RANK IN EACH CATEGORY
RK Player - Team
S
Rs
FG
A
FT
St
3-PT
B
A/T
Avg Rank
1 S. Williams - DU
9
1
2
16
15
16
16
1
13
9.89
2 Hodge - ST
3
8
6
7
16
15
16
16
8
10.56
3 Paul - WF
16
26
16
2
6
2
16
16
1
11.22
4 May - NC
12
2
4
16
11
16
16
13
13
11.44
5 E. Williams - WF
8
6
1
16
16
16
16
12
13
11.56
6 Ford - CU
15
5
5
16
16
16
16
4
13
11.78
7 Jack - GT
13
19
16
5
3
7
16
16
12
11.89
8 Felton - NC
25
26
16
1
16
4
1
16
4
12.11
9 Redick - DU
1
26
16
16
1
16
4
16
13
12.11
10 Smith - VA
6
15
7
16
9
16
14
16
13
12.44
11 Caner-Medley - MD
7
16
9
16
8
16
16
16
13
13.00
12 Gilchrist - MD
18
20
16
3
14
14
16
16
2
13.22
13 Ewing - DU
10
26
14
9
16
6
13
16
9
13.22
14 Dowdell - VT
13
26
11
14
16
11
3
16
13
13.67
15 Diaz - UM
2
26
12
16
16
12
10
16
13
13.67
16 King - UM
26
4
16
16
16
16
16
2
13
13.89
17 Gordon - VT
26
22
16
6
16
1
16
16
7
14.00
18 Gray - WF
5
26
15
16
10
16
9
16
13
14.00
19 McCants - NC
11
26
8
16
12
16
8
16
13
14.00
20 Hite - UM
4
21
16
16
16
12
12
16
13
14.00

Source: TheACC.com

Based upon this seemingly ingenious method of averaging player ranks for each statistical category, the argument can be made that the first-team All-ACC team should be, respectively: Sheldon Williams, Julius Hodge, Chris Paul, Sean May, and Eric Williams.

Sheldon Williams, by virtue of having the best average rank, would likely be the ACC Player of the Year. Williams just happens to be lights-out from the floor and is leading the conference in boards as well as blocked shots. He's a dominating force inside and State fans, particularly, are aware of just how bad he can hurt you with his little pick-and-roll move from the high-post.

The second-team would consist of Sharrod Ford, Jarret Jack, Raymond Felton, J.J. Redick, and Devin Smith. The third-team would be Nik Caner-Medley, John Gilchrist, Daniel Ewing, Zabian Dowdell, and Guillermo Diaz. Honorable mention would go to Anthony King, Jamon Gordon, Justin Gray, Rashad McCants, and Robert Hite.

It really is that simple, isn't it? Not a chance.

Perhaps the most glaring omission from the first team is J.J. Redick, who just happens to lead the conference in scoring, is automatic at the free throw line, and is likely as good, if not better, than teammate Sheldon Williams, who currently maintains the top spot. The fact that he ostensibly dares opposing teams to leave him unguarded on the perimeter for even the briefest of moments and then makes them pay when they do is almost reason enough to consider him. His presence alone on the perimeter gives fits to players trying to honor their defensive assignments. There really is no justifiable reason for leaving him off the first team.

Hence, in effect, we would have to vote one of the first team players off – Survivor, Tobacco Road style.

So who gets the boot?

Unlikely it would be Paul, who is likely still most people's favorite for ACC Player of the Year. Paul might be the conference's most complete package, placing in the top five in assists (2nd), steals (2nd), and assists to turnovers ratio (1st). If you leave the lane open, Paul will make you pay for it; he makes very few mistakes. The scary part is that he is only a sophomore.

And if not for Julius Hodge's 18.0 points per game and 4.2 assists per game, State would likely be even lower in the ACC standings; besides, as discussed earlier, he has more than matched his Player of the Year numbers from last season, which in itself makes him deserving of a first team assignment.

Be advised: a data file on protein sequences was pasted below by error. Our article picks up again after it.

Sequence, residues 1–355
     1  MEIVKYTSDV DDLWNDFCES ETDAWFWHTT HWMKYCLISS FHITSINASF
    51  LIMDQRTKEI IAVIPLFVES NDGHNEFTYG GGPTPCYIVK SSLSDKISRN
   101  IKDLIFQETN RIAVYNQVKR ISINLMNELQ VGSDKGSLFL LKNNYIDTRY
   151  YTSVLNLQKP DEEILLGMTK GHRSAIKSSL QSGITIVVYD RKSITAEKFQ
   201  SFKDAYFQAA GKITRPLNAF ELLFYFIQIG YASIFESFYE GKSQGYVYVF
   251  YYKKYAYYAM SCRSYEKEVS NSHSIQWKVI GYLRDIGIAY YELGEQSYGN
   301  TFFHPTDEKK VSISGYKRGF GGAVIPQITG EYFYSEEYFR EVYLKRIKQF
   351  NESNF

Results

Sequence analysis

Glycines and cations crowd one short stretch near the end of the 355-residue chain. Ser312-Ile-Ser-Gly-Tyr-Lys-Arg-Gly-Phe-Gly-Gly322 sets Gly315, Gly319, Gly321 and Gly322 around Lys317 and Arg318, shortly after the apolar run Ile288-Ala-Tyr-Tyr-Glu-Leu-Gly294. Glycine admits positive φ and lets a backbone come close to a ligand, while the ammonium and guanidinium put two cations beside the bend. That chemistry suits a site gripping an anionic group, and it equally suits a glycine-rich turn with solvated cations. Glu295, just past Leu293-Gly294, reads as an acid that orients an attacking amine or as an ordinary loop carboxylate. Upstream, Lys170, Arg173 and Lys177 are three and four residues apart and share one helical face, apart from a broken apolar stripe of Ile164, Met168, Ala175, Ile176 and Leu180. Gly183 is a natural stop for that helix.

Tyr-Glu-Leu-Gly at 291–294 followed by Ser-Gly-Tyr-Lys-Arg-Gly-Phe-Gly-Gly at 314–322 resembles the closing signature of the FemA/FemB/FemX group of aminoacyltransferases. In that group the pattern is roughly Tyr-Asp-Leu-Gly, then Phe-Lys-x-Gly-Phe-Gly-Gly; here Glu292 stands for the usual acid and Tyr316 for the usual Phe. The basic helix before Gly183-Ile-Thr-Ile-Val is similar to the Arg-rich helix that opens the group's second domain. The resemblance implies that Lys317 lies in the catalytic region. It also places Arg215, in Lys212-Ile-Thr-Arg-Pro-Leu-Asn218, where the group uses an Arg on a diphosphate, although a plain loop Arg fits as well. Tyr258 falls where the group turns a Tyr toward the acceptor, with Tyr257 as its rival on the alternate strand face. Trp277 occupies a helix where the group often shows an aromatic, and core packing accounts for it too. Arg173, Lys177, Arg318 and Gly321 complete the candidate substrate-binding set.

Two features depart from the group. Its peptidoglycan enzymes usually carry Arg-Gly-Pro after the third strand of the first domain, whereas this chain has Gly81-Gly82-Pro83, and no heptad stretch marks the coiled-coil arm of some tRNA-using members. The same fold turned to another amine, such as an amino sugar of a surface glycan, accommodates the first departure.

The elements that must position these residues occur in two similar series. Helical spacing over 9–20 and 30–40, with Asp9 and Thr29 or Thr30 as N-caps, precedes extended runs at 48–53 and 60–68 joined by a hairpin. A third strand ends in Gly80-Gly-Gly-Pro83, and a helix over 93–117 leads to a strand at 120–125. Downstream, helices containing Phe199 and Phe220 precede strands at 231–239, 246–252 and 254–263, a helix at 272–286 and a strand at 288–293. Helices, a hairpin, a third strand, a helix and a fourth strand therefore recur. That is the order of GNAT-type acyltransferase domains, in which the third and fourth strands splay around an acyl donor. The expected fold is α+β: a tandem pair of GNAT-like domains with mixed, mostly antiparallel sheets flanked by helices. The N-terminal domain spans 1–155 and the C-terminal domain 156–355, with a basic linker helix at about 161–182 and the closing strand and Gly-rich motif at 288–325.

This leaves May and Eric Williams, but is there a way to rationalize leaving off either of these two?

May is a dominant inside player that allows Carolina to open up its nation-leading scoring offense. He finishes strong every time, he wipes the glass clean with 9.9 boards per game, and he is usually the outlet for Felton's assists; without his presence in the paint, McCants and Felton would be forced to bear more of the scoring burden for the Tar Heels.

And so remains Eric Williams, who leads the conference in field goal percentage and is top 10 in scoring and rebounds. Williams is a major reason why Paul is second in the conference in assists and a big part of the reason Paul is a strong Player of the Year candidate.

And so it's settled... or is it? Should Jack replace May or Eric Williams on the first team? In my opinion, he has proven to be the most versatile player in a conference rich with point guards. Not only did he masterfully fill in the gap created when Elder missed all of January due to a hamstring injury, his consistency has proven irreplaceable for a Georgia Tech team trying to put itself back into contention for another March run. Jack, incidentally, has a slight edge in scoring over Chris Paul, is nearly automatic at the free throw line and as a solid compliment, he adds 4.5 assists per game.

Should Sharrod Ford have any less consideration because he is forced to carry the workload on the boards and in the paint for a struggling Clemson team? He is currently in the top five in the conference in rebounds, field goal percentage, and blocks. For that matter, should Raymond Felton be given any more consideration because he leads the conference in assists and is shooting a blistering 46.1% from behind the arc on a potent Carolina team?

And so the argument doesn't really end here, rather it finds fuel for the fire at this benchmark. Every player in the top five is a floor leader and invariably commands immense respect from opposing players in their own way.

And so I'll take the easy way out, and have a six-man All-ACC team: Sheldon Williams, Julius Hodge, Chris Paul, J.J. Redick, Sean May, and my sleeper, Jarret Jack.

I'll let you decide who ended up tied for fifth.